South Asia Free Trade Agreement
Business houses in South Asian region are seeking specific timeframe to remove bottlenecks that hinder trade and investment in the SAARC region. It is sad to note that whatever developments take place in the business and political forums; those are not implemented at the operation level.
Bangladesh’s business leaders are rather dismayed at India’s recent duty-free market access offer, as they have expressed the view that mere duty-free access could not ensure free flow of goods into Indian market unless non-tariff and para-tariff barriers are removed.
Pakistan, which is keen on exporting cement and wheat to India, on Thursday said it is willing to fulfil its SAFTA commitments if the issue of non-tariff barriers are addressed.
The SAARC countries are now striving to set a uniform product standard for the group after years of complaints by the weaker ones among them about non-acceptance of their national certifications of product quality by their stronger counterparts. It has persistently posed as a difficult non-trade barrier that has obstructed bilateral trade.
Pakistan is in violation of the agreement on South Asian Free Trade Area (SAFTA) and the Vienna Convention by discriminating against India in the implementation of the regional accord, aside from risking its credibility as a negotiating partner, Indian High Commissioner Satyabrata Pal told a conference.
Trade experts say countries in the South Asian region can form a major textile and apparel hub - provided they can work together. Right now, mutual mistrust and trade barriers against each other, are stopping SAARC countries from cashing in on a waiting opportunity.
Developments over the past few days have re-confirmed that the developing countries are more eager than developed countries to break the deadlock in multilateral trade. The developing countries have shown ample flexibility, without waiting for a response from the developed world.
The Safta on Wednesday received a big boost with Pakistan agreeing to the views of Saarc leaders that the pact liberalising regional trade be implemented in “letter and spirit”.
The European Commission (EC) has offered to share expertise and experience in all areas of interest to South Asian Association for Regional Cooperation (Saarc) as well as in the implementation of the South Asia Free Trade Agreement (Safta).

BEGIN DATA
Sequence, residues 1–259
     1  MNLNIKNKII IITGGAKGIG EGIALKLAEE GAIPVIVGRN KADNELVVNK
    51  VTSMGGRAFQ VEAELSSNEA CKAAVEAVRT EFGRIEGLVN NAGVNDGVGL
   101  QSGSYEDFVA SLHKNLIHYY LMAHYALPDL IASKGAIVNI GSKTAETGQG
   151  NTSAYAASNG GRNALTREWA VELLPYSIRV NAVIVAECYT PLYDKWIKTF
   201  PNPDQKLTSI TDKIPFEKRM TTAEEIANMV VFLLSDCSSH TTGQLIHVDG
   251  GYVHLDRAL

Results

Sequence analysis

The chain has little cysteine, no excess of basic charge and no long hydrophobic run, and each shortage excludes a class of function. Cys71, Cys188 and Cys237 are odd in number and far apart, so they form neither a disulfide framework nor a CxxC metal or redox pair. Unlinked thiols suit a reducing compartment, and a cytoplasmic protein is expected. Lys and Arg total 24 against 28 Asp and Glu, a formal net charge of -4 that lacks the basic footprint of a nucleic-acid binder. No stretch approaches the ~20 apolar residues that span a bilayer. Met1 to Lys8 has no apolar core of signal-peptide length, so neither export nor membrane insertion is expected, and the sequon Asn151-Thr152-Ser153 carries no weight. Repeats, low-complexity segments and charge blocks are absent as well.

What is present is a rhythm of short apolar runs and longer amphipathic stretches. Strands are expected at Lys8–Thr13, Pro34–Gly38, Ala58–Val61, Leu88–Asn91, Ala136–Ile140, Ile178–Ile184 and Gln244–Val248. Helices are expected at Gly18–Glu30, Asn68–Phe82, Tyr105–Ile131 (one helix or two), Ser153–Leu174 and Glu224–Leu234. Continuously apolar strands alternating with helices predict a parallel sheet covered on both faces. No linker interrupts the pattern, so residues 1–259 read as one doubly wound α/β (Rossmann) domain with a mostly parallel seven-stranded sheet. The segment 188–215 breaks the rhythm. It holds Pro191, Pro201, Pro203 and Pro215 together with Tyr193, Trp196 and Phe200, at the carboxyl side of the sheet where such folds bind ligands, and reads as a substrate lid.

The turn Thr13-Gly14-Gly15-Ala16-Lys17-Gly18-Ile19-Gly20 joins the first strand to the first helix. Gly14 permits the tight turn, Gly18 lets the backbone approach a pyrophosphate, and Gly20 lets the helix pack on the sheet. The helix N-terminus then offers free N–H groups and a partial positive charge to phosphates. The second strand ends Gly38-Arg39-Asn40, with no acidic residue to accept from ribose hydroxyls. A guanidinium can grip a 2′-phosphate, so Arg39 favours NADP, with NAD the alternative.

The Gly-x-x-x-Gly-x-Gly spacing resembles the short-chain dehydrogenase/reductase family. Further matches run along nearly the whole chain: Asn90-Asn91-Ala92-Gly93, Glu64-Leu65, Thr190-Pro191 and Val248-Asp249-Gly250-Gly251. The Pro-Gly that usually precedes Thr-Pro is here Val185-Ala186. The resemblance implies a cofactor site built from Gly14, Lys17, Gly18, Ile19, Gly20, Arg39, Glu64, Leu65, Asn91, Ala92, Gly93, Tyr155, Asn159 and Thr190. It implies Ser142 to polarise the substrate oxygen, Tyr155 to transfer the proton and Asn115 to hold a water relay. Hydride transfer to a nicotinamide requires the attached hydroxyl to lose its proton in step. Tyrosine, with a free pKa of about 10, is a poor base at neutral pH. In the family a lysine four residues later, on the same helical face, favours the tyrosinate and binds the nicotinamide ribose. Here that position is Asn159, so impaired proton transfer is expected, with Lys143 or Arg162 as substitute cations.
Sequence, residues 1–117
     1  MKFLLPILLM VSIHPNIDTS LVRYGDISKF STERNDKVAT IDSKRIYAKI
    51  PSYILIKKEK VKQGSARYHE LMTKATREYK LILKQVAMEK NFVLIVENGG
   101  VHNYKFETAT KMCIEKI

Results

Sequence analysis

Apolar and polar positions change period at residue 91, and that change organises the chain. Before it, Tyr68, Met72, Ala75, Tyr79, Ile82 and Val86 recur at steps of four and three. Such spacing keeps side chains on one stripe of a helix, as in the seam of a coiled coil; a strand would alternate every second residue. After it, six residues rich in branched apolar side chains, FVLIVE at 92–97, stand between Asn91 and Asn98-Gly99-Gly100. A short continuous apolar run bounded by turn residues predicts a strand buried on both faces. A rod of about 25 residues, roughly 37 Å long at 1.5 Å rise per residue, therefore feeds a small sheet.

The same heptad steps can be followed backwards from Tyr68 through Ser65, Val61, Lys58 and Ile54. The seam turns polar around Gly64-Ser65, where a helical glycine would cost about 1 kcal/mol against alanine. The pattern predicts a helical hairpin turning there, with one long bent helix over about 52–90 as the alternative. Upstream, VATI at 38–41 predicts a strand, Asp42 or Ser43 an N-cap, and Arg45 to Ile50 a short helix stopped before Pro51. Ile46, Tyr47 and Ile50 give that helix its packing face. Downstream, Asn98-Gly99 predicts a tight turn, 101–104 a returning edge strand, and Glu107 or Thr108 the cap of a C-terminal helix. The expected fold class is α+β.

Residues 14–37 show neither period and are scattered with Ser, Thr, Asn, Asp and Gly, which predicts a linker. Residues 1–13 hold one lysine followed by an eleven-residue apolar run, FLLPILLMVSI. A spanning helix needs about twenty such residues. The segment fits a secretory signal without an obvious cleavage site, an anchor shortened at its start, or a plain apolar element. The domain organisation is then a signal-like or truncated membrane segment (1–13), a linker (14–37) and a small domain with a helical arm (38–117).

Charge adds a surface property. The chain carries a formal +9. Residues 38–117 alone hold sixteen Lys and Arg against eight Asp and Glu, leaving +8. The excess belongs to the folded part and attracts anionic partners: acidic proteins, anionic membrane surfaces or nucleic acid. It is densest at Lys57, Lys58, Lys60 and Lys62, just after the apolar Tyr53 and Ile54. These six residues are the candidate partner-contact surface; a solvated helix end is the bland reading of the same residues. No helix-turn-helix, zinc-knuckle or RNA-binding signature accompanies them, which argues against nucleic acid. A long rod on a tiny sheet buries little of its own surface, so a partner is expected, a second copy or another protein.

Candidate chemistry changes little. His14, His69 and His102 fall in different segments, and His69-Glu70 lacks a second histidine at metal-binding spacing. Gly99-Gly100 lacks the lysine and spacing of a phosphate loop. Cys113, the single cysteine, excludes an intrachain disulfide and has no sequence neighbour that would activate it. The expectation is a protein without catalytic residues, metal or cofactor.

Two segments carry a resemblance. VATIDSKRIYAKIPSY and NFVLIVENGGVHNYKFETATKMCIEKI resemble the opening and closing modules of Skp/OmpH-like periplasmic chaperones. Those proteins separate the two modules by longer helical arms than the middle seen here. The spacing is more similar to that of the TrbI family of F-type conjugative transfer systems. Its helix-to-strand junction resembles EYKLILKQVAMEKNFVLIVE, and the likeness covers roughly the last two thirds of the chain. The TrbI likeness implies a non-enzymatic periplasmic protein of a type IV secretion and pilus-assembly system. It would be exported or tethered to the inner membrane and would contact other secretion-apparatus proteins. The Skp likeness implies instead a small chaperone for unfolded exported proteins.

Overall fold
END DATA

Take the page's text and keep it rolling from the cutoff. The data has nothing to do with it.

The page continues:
India is ready to consider some “unilateral” steps to address some concerns of Pakistan to see operationalisation of Safta.
Import Policy Regulations are provided in the import regimes of all SAARC countries and Pakistan had only indicated this requirement in its notification to make it transparent.
The ministry of commerce has clarified the situation with regard to a news item published in a section of the press concerning “tariff issues between India and Pakistan” on March 22.
Ahead of the Saarc summit here in April, external affairs minister Pranab Mukherjee on Tuesday cautioned Pakistan against non-compliance with Saarc Free Trade Area (Safta). He urged Islamabad to revise its position to ensure that global commitments undertaken by the latter were complied with.
The hoped for trade cooperation in South Asia remains a dream, six decades down the line. Even the much trumpeted South Asia Free Trade Agreement (SAFTA), by some accounts, seems to be sailing down to the sea — the Indian Ocean — unless the region’s leaders cooperate.
Federal Commerce Minister Humayun Akhtar Khan said Monday that Pakistan was ready to sort out SAFTA related issues with India through bilateral talks.
A negative fallout of the South Asian Free Trade Area (SAFTA) agreement could be an increase in the narcotic traffic in the region, said Dr MM Bhatnagar, member of the International Narcotic Control Board (INCB).
Pakistan regrets an Indian decision to review tariff concessions extended to Pakistan under a regional trade agreement but will not retaliate, a senior Pakistani government official said on Tuesday.
With 11 days left for the bilateral trade pact between India and Nepal to lapse, the two neighbours started their two-day talks on Thursday to review the 11-year-old Indo-Nepal trade treaty.
The way India has traditionally managed its border areas - security being the prime concern - will undergo a radical change this year with the Cabinet Committee on Security clearing a revamp of the infrastructure at major land borders to facilitate trade and commerce.
In what is being described as a success for India and a "failure and punishment for Pakistan" on the economic diplomacy front, India has formed a regional trading bloc excluding Islamabad, and including all the SAFTA members, besides Thailand.